(BOSTON) – On Tuesday, October 31st, commissioners of the Metropolitan Beaches Commission (MBC), including House Vice-Chair and State Representative Joan Meschino (D-Hull), hosted their annual hearing following the release of the Commission’s “Breaking Barriers” report earlier this year. This hearing, held in a hybrid format in the State House, follows five years of fully remote hearings, with Department of Conservation and Recreation (DCR) Commissioner Brian Arrigo and City of Boston Director of Green Infrastructure Kate England as this year’s featured speakers.
“The Metropolitan Beaches Commission’s annual hearing furthers the implementation process of its Breaking Barriers report and provides us legislators with an opportunity to advocate for our district beach infrastructure priorities, including those at Hull’s Nantasket Beach,” said State Representative and MBC Vice-Chair Joan Meschino (D-Hull). “Thank you to Save the Harbor/Save the Bay staff and Director Chris Mancini, my fellow Commissioners, and all those who testified at the hearing for their continued commitment to expanding access to our treasured beachfront sites, including those in the Third Plymouth District.”
“It’s reassuring to know Commissioner Arrigo shares our goals and values when it comes to making our spectacularly urban beaches accessible to everyone,” said Save the Harbor Executive Director Chris Mancini. “We’re looking forward to supporting and collaborating with our partners at DCR to continue breaking barriers to access for people of color, people with disabilities and those who don’t speak English as a first language.”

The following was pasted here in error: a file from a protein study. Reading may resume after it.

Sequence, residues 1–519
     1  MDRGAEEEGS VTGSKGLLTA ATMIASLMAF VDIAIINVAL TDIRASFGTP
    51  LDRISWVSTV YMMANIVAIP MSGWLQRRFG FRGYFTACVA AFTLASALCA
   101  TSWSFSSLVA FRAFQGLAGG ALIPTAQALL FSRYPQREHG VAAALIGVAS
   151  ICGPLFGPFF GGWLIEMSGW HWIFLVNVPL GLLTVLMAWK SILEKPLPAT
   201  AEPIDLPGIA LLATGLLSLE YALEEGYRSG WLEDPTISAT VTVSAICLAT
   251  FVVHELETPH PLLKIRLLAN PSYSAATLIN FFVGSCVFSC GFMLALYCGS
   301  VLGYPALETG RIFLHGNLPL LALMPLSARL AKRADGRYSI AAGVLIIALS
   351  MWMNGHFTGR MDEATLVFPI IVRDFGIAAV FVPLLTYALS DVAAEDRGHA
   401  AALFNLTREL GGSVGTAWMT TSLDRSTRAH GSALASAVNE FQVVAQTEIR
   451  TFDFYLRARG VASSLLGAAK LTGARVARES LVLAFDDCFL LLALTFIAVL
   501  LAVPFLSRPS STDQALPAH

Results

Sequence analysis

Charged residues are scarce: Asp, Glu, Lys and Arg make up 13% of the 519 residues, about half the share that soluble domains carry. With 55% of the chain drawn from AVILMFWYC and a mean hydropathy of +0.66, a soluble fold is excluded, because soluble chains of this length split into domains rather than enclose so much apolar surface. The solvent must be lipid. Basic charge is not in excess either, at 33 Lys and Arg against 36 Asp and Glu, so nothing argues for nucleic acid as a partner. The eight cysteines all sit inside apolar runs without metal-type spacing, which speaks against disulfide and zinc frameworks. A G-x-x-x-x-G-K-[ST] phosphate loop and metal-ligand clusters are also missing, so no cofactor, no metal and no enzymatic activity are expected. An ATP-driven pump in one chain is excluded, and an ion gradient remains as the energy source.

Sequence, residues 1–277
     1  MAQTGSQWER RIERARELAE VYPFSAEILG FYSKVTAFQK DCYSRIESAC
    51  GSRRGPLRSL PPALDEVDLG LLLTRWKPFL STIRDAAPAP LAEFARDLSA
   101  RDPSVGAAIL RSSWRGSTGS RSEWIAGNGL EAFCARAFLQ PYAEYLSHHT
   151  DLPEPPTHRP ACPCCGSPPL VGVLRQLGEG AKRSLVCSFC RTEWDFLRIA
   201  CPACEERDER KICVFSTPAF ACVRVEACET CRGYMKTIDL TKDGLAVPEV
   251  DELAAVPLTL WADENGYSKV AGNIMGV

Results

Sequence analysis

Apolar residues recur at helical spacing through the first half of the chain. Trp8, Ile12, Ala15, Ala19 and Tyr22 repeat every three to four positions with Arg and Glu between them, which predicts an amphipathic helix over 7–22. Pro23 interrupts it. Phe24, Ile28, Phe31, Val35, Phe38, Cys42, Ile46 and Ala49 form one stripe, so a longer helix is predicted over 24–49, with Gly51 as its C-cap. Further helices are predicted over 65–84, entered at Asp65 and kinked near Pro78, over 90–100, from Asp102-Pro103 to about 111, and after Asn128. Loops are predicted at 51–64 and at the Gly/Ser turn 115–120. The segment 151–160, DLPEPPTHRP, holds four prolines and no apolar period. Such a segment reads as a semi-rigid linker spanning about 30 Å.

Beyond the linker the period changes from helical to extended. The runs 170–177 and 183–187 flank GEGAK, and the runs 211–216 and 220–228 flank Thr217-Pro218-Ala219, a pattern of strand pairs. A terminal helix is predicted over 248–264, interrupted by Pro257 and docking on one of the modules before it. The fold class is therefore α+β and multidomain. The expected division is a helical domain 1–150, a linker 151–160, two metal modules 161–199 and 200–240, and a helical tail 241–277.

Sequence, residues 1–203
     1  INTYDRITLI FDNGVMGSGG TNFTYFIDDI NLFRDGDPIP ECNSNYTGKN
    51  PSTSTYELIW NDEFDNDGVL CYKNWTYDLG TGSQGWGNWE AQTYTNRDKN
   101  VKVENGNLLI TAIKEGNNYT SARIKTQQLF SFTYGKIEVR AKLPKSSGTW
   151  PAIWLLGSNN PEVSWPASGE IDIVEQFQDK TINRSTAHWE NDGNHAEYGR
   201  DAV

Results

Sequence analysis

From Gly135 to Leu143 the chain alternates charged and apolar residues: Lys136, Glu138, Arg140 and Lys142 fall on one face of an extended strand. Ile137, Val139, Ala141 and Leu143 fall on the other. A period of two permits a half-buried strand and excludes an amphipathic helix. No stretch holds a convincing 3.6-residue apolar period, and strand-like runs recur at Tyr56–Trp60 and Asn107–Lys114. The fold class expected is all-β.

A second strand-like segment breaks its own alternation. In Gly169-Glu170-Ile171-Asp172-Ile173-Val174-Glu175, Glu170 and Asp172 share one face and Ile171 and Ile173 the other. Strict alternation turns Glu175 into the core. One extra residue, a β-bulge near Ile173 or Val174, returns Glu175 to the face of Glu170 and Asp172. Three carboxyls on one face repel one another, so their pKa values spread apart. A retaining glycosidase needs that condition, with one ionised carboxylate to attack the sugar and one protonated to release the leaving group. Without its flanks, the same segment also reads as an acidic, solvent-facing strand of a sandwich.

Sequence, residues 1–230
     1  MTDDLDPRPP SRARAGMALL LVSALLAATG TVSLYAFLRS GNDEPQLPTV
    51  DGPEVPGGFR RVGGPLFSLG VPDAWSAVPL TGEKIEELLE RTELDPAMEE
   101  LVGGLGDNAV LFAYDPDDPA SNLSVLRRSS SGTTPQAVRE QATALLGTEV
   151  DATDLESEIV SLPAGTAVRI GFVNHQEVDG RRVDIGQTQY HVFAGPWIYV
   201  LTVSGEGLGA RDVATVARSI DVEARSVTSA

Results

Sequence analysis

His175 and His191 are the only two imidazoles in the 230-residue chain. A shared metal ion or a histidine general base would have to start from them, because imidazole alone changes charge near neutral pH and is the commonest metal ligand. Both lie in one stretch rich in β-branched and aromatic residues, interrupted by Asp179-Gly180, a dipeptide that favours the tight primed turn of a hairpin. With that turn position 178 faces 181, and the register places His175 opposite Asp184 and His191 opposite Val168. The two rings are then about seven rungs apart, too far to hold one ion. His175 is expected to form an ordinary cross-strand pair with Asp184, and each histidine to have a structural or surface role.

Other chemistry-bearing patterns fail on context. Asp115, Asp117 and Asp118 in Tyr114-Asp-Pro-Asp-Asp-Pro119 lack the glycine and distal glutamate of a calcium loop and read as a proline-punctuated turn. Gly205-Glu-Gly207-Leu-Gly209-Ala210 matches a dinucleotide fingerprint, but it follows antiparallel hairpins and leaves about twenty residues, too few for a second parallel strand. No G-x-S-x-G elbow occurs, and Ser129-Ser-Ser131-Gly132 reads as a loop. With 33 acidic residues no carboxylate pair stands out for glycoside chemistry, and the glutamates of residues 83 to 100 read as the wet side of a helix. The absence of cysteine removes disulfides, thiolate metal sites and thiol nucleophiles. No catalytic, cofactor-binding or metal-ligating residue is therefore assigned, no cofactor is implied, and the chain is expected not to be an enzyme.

With an attendance of over 100 people, DCR Commissioner Brian Arrigo testified on the agency’s efforts to address recommendations from the MBC’s Breaking Barriers report, including steps towards equity and diversity focused hiring practices within the department as well as the $32 million spent by DCR towards capital infrastructure improvements in the past five years. Commissioner Arrigo spoke about goals for improvements for accessibility and signage improvements on the metropolitan region’s beaches and committed to adding more multilingual signage to the region’s beaches before the 2024 beach season. Kate England, the Director of Green Infrastructure from the City of Boston, gave a brief presentation on water quality impacts from climate change and use of green infrastructure to mitigate the impact from increased precipitation in the Commonwealth this year.
The recording, transcript and summary of the hearing will be available shortly at www.savetheharbor.org/mbc. The deadline for members of the public to submit written testimony has passed, but please reach out to Policy Coordinator Alya Zwyer at email@example.com for more information on specifics from the hearing.
The Metropolitan Beaches Commission was created in 2006 by the Massachusetts Legislature to provide oversight to the Boston area’s 15 public beaches, including those in the town of Hull which are managed by the Department of Conservation and Recreation (DCR). The commission is composed of elected officials and community leaders from Boston and the metropolitan region’s waterfront neighborhoods and beachfront communities. Its work is facilitated by Save the Harbor/Save the Bay, who has served as lead consultant to the Commission since its inception.